If you have extra cash in your monthly budget, you may be deciding between whether to invest it or use it to pay down debt. One factor that can help you make this decision is comparing your debt’s interest rate to your investments’ average rate of return. If, for example, you have a car payment with a 4.5% interest rate and your investments make an average 7.5% return in the long run, it could make sense to prioritize investing your extra cash. But if your debt is more costly than your potential returns, you may want to focus on eliminating that first.

Do you have an emergency fund?

  • A healthy emergency fund can help you avoid creating expensive debt should you face unexpected expenses.

If you’re trying to decide between saving or paying off debt, one critical factor to think about is the status of your emergency fund. A strong emergency fund, ideally one that can cover three to six months’ worth of expenses, can help you avoid having to incur even more debt should you have a financial set back. If possible, you may want to prioritize building your emergency fund using a savings account that lets your money work smarter (thanks to a competitive interest rate and automated digital savings tools), like our Ally Bank Online Savings Account, while also working to eliminate high interest debt. That way, you can feel confident that you have cash on hand if an unexpected expense occurs.

Are you meeting your employer retirement contribution match?

  • Investing enough to meet your employer match can be a smart way to take advantage of “free” money and get started in the stock market.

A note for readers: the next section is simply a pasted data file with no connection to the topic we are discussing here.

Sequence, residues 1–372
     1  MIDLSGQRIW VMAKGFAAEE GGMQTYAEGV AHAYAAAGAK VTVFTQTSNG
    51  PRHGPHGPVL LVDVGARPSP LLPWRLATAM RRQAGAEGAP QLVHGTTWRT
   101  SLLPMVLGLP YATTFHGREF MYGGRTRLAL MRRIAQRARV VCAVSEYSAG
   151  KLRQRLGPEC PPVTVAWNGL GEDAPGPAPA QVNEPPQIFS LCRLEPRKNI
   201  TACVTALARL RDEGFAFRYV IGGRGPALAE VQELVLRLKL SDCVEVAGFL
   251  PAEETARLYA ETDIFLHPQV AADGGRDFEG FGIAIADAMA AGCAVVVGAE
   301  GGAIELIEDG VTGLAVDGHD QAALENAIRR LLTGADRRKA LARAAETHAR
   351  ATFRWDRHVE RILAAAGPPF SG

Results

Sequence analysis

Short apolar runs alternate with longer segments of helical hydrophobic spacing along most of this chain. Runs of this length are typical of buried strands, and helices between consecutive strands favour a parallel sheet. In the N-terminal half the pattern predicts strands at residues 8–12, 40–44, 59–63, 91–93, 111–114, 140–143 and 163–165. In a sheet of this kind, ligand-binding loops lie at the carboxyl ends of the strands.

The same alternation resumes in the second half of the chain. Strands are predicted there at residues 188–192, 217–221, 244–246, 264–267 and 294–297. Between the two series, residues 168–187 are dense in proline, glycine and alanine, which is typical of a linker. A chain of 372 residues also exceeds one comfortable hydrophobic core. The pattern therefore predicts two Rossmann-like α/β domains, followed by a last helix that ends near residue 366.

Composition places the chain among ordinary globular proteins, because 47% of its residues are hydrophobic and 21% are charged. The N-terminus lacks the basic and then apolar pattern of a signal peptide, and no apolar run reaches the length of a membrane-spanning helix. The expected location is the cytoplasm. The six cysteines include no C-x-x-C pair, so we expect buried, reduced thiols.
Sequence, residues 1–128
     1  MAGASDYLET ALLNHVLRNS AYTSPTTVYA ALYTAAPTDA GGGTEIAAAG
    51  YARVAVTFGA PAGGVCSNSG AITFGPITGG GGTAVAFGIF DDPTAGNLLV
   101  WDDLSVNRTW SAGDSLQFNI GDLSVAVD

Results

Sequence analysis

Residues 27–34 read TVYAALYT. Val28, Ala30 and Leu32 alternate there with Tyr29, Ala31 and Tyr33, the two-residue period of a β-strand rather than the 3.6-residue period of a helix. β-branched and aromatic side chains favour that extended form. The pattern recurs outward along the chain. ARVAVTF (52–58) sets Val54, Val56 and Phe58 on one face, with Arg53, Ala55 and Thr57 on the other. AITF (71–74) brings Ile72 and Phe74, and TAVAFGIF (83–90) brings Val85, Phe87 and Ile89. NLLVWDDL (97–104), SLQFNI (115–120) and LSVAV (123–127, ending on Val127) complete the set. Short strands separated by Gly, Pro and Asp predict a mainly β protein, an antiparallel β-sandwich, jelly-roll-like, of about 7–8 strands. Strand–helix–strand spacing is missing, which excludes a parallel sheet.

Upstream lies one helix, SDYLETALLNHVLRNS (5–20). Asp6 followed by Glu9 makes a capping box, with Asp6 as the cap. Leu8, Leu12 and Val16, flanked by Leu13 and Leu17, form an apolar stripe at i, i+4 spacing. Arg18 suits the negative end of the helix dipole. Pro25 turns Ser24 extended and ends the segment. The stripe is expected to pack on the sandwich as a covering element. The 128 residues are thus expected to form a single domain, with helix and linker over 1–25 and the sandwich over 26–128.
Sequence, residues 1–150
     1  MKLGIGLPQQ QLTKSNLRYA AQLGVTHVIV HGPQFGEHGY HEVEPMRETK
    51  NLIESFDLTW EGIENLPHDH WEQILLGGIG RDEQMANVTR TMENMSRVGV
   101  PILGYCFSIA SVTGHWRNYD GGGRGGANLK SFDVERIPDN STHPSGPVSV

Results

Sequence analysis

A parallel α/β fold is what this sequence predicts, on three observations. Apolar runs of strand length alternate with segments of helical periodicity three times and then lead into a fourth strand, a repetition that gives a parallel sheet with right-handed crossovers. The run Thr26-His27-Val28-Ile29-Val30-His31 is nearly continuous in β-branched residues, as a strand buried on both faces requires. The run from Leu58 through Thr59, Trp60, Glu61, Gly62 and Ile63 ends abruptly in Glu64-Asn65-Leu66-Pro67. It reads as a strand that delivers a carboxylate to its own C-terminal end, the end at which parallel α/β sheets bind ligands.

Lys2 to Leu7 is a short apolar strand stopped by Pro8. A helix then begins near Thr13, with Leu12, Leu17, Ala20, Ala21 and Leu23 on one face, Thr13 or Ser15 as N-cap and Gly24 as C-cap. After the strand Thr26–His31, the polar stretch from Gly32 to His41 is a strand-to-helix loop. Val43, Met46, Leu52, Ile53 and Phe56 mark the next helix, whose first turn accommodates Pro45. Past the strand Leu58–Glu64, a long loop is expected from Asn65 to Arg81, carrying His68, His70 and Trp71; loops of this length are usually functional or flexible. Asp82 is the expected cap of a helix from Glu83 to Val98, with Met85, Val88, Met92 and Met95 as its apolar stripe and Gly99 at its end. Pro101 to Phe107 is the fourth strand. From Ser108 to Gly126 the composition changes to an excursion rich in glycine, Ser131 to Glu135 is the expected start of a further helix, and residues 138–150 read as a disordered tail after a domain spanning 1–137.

As you work hard to pay off debt or build your emergency fund, investing may fall off your radar. But even investing a little bit each month is a smart idea. If your employer offers a match for your retirement contribution, you should especially consider investing enough to take advantage of the full match — otherwise, you could be missing out on free money.

Have you tried microsaving?

  • Microsaving, manually or using technology, can help you save money while prioritizing other financial goals.

Microsaving is a strategy in which frequently you save small (a.k.a. micro) amounts of money. We’re talking two bucks here, 50 cents there. It can be a great way to add savings to a crowded budget, even if it can’t be your number one priority. Using the Surprise Savings booster in our Online Savings Account, you don’t even have to think about microsaving — we’ll do the math and make smart, small transfers for you. That way, you can focus more on investing, paying back debt, or other goals.